HomeTennisIrish tennis ace slams 'deeply puzzling' €40k grant that was available

Irish tennis ace slams ‘deeply puzzling’ €40k grant that was available

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TENNIS ace Conor Niland is making a racket about an alleged funding farce which he claims left him fighting his way up the sporting ranks.

The Limerick-raised star was the best Irish men’s singles player in his pomp and qualified to compete in all four Major tournaments — including Wimbledon, with the 2024 event starting in London tomorrow.

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Conor Niland is making a racket about the lack of support from the GovernmentCredit: Getty Images – Getty
Conor had to combine sponsorship deals with support from his family in order to pursue his dreams

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Conor had to combine sponsorship deals with support from his family in order to pursue his dreamsCredit: Sportsfile – Subscription
He was left red-faced by previous shortcomings on home soil, including his match with Younes El Aynaoui

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He was left red-faced by previous shortcomings on home soil, including his match with Younes El AynaouiCredit: Getty Images – Getty

Tennis saw him travel the globe, but the now 42-year-old said his cause wasn’t helped by a lack of training and investment back home.

He revealed that even though players could get a cash boost of €40,000, qualifying criteria included being in the WORLD’S top three.

Conor explained: “There was some Irish State funding on offer while I was on tour, but it was structured in a deeply puzzling way.

“In 2007, the top-tier grant award of €40,000 a year would have been very useful for me.

“But to earn it, I’d have had to be ranked in the top three tennis ­players in the world, or made the semi-finals of a Grand Slam event.

“If I got myself among (Roger) Federer, (Rafael) Nadal and (Novak) Djokovic and made $100m, the Irish Sports Council would have topped that up with a €40,000 ­bursary.

“This was money that could and should have been aimed at promising young players who actually needed it. Of course, the money theoretically allocated for the top-level bursaries — for players in a category that has never existed in Ireland — wasn’t spent at all.”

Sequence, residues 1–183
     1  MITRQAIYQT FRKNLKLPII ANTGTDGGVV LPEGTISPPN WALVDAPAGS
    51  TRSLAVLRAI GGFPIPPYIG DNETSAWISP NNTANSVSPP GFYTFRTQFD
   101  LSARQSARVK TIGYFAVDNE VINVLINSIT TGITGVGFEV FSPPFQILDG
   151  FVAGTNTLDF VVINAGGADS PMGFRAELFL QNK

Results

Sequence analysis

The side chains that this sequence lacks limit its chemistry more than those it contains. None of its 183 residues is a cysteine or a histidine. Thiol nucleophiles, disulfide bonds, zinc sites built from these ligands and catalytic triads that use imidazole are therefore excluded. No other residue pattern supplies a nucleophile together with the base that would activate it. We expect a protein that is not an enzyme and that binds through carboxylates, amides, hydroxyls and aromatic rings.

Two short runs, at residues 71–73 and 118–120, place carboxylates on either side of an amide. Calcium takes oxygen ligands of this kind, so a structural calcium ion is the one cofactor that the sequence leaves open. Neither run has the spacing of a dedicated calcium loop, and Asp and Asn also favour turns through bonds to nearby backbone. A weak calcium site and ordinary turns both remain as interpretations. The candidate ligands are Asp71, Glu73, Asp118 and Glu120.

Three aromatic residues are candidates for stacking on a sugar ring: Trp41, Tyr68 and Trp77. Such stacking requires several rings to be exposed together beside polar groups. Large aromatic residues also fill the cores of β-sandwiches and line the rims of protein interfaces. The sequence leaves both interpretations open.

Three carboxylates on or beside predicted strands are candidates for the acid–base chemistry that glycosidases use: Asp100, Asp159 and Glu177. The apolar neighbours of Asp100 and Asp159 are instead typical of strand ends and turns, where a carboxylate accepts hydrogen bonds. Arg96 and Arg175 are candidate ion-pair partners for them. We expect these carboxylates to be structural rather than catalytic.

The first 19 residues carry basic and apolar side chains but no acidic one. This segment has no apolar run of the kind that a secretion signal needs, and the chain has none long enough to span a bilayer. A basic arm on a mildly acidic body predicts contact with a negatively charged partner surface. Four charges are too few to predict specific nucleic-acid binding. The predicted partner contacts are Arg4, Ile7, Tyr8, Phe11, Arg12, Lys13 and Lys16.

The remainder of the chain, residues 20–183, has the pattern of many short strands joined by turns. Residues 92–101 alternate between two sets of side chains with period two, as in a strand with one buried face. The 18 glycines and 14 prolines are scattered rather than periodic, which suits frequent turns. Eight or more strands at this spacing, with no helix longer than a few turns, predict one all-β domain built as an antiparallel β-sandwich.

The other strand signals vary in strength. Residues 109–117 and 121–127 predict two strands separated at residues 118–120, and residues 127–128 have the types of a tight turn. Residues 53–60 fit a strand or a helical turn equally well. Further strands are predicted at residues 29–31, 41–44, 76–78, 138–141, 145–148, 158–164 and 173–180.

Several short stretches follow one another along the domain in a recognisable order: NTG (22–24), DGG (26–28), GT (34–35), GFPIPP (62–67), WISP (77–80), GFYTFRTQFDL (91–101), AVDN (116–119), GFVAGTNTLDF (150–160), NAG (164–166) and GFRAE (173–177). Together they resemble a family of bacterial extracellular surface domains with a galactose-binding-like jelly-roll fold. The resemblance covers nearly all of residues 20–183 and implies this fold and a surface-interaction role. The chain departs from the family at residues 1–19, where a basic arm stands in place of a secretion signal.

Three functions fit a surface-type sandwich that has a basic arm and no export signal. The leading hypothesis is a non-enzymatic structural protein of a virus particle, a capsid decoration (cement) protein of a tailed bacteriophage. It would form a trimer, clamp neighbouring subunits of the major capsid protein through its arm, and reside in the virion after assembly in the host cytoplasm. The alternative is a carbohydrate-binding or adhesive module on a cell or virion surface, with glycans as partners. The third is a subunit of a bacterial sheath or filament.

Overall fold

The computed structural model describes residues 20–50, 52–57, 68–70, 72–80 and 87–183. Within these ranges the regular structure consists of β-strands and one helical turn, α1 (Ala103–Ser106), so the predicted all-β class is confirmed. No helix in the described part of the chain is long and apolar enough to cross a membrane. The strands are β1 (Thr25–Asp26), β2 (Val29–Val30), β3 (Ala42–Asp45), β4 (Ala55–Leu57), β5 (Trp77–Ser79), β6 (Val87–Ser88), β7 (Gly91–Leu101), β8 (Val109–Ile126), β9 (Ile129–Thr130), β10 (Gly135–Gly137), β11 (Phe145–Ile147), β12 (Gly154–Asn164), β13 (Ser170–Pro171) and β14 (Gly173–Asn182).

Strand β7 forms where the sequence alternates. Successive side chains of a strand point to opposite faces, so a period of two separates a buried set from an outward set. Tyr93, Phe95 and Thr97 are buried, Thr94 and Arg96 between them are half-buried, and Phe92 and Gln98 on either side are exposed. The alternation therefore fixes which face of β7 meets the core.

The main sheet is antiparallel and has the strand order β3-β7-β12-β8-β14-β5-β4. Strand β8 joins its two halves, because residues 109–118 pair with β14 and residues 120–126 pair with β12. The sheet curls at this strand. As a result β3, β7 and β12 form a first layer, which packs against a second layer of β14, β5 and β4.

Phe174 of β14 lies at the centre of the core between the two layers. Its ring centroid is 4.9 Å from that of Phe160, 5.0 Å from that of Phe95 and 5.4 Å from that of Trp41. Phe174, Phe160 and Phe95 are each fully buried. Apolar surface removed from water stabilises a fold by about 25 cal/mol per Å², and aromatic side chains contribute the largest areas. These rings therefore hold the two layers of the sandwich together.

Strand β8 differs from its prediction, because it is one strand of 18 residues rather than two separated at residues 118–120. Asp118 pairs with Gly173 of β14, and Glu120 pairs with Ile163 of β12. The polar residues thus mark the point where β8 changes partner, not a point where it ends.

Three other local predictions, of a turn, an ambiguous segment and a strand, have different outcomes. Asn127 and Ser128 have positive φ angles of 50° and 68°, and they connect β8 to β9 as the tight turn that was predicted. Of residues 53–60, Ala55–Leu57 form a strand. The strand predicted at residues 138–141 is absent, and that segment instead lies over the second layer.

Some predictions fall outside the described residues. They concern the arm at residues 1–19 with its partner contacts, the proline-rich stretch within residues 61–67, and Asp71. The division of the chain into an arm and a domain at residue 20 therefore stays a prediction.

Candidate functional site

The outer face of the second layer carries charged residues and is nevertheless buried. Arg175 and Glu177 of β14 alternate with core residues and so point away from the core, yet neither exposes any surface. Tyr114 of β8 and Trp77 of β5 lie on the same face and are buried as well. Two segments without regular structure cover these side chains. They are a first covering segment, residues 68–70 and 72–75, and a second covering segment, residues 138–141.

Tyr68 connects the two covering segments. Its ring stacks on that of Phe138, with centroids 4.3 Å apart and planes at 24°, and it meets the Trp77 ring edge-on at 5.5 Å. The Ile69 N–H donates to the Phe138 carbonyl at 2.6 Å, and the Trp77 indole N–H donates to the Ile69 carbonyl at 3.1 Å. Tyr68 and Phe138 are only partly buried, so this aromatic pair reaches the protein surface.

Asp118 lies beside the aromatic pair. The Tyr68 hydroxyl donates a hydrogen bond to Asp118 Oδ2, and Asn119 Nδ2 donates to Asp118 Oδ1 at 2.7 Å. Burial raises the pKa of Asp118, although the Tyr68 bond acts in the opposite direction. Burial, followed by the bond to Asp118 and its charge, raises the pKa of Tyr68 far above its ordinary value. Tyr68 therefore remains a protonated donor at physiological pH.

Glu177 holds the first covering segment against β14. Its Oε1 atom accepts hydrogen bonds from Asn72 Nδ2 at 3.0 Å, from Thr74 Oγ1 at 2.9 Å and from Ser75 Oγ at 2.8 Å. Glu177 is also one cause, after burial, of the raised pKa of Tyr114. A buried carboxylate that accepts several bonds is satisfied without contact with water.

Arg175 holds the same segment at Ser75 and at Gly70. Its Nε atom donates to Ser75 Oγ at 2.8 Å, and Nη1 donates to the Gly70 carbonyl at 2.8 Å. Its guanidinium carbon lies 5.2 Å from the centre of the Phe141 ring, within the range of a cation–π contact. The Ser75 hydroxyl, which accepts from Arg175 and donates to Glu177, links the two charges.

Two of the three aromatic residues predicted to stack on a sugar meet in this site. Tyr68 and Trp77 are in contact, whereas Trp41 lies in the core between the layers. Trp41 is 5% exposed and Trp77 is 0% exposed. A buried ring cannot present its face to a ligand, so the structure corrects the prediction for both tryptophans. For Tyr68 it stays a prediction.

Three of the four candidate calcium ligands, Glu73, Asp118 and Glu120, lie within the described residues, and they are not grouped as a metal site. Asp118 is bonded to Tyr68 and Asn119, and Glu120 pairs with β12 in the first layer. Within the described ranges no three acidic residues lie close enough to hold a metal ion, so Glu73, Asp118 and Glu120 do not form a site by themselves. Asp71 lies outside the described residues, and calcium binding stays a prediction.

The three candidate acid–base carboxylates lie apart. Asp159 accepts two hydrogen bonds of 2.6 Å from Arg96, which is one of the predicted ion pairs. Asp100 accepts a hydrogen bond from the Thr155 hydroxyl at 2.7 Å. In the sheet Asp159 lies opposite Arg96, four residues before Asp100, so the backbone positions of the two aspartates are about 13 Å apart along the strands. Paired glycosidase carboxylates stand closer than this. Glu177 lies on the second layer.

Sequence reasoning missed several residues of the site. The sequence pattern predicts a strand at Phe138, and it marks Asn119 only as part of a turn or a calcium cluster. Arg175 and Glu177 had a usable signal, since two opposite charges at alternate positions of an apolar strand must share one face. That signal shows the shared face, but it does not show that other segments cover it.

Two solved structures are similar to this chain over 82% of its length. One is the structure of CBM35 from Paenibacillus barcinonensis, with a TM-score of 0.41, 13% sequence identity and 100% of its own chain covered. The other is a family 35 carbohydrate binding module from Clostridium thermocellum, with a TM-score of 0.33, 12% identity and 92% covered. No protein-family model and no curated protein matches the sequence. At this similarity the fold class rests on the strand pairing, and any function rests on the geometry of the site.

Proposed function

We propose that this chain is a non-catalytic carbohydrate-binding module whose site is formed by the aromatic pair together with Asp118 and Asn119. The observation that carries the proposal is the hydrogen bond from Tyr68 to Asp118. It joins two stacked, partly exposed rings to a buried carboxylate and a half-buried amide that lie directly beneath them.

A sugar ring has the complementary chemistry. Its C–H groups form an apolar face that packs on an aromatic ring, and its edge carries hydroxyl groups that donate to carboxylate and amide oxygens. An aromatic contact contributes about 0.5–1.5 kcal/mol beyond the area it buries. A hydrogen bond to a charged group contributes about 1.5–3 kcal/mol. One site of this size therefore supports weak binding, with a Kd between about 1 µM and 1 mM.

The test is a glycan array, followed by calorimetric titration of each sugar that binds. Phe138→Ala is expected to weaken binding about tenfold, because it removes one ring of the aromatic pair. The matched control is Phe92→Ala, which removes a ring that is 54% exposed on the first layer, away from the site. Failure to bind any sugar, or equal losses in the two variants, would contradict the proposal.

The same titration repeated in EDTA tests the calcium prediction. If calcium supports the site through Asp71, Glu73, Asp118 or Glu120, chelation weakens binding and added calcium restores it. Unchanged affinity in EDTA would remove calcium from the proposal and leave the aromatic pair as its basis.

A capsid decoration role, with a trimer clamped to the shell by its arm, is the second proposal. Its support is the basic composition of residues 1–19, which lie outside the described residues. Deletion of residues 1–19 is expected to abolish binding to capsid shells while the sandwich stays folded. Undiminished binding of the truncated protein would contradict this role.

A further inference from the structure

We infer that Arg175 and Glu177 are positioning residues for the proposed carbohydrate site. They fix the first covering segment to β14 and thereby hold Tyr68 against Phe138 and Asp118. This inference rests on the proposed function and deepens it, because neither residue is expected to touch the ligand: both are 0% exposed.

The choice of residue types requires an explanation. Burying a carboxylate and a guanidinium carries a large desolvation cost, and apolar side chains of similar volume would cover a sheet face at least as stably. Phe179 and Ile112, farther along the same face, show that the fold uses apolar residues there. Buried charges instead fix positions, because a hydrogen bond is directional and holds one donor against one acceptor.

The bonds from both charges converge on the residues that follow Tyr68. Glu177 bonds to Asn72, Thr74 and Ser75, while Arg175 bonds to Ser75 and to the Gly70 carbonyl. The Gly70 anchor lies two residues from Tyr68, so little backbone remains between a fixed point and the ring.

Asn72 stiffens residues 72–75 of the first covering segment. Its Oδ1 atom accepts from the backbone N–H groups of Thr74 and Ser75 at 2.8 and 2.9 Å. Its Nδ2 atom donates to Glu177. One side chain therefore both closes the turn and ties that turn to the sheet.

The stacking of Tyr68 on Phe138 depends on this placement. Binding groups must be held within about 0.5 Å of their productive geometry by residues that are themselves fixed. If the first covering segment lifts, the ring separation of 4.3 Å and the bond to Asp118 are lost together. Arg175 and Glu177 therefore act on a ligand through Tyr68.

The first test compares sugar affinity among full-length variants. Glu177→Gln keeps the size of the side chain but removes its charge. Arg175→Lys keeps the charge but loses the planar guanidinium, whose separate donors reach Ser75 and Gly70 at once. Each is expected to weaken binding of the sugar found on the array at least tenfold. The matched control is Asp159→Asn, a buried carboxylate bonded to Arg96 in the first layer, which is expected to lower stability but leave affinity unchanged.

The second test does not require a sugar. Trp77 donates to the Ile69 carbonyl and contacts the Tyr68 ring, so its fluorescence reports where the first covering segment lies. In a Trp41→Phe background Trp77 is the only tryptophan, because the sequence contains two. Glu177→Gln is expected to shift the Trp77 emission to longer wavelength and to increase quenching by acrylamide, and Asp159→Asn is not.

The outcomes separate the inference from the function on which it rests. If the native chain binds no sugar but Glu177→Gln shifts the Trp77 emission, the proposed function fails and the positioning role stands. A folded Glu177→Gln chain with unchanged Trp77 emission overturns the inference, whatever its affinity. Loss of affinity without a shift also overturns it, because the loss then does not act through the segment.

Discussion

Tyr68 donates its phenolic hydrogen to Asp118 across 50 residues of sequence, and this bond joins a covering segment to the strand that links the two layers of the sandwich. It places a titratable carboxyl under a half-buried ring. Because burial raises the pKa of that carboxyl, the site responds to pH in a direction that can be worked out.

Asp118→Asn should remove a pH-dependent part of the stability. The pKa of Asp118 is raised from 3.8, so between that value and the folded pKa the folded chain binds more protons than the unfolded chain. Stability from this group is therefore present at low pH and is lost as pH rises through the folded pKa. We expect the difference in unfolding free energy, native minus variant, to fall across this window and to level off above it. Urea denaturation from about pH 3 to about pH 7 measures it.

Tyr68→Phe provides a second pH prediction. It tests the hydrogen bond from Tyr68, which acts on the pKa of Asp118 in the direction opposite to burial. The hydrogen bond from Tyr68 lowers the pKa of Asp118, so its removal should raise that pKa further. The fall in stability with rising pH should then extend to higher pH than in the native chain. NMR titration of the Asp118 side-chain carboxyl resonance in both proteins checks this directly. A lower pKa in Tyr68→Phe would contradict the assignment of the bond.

Instead, Conor had to combine sponsorship deals with support from his family in order to pursue his dreams, having beaten future world No1 Federer in the junior ranks.

Ireland’s Davis Cup captain admitted he was left red-faced by previous shortcomings on home soil.

He said: “One of the biggest Davis Cup matches of my career was against Morocco in 2008 in Dublin.

Watch grand slam champion hit ‘worst double fault of all time’ against Brit tennis star Katie Boulter at Eastbourne

“I faced Younes El Aynaoui, a former top 15 player. Both teams were staying in the Mespil Hotel for the week, which was just a few ­minutes’ drive to our venue, the indoor courts at Fitzwilliam Lawn Tennis Club.

“There was a car waiting to take us from the hotel to the court. I went downstairs to get into a Volkswagen Polo driven by Aileen Rogan, Tennis Ireland’s operations manager. I squeezed into the back seat, as all 6ft 4in of Younes’s frame was already sitting in the front seat.

“He was a major name in tennis to someone like me, and I never expected to be sitting behind him in a hatchback before an international.

‘Initial shock’

“When I got over this initial shock, I realised we weren’t moving. It was raining heavily and the roads were clogged with traffic, and with time running out before our match was scheduled to begin, Aileen began to panic.

“She made a phone call and then turned around to tell us we were getting a police escort to the courts.

“Two minutes later, a phalanx of police motorbikes came screaming through the traffic, with blue lights flashing.

“The driver gestured to Aileen and we took off quickly, going the wrong way on a one-way street, with cars veering out of our path.

Traffic jam

“Motorists stuck in the jam looked on in bemusement. Younes’s dreadlocked hair jiggled in front of me as we picked up speed. We arrived at the venue about a minute later.

“As we screeched into Fitzwilliam, a policeman got off his bike and strode purposefully up to us. Was he about to wish us good luck?

“He lifted his visor and jabbed a stiff, black-gloved finger into Aileen’s face. ‘One of our men fell off his bike on the way over here!’.

“It was like Apocalypse Now in south Dublin, but instead of Robert Duvall leading the charge in a helicopter, it was Aileen Rogan in her Volkswagen Polo.

“On reflection, we could have just walked. My legs were like jelly from the adrenaline of the drive. I lost in straight sets.”

Embarrassing play

In his new book The Racket, Conor — ranked 129th in the world at his peak — also told of an embarrassing double fault by future Taoiseach Leo Varadkar.

He recalled: “I returned home for a Davis Cup tie with Tunisia, which was a kind of on-court homecoming. This felt more like it.

“My old neighbour Eoin Reddan –— who was by then a regular Irish rugby international — was in the crowd, and we won, thus avoiding relegation, played well, beating Malek Jaziri in straight sets.

“Leo Varadkar, then the Irish ­Minister for Sport (and future leader of the country), was in attendance and joined the team for some small talk after the match.

“‘And do you play full-time, Conor?’,” he asked.

“‘Yes’, I said, ‘you don’t get to Wimbledon by playing part-time’.”

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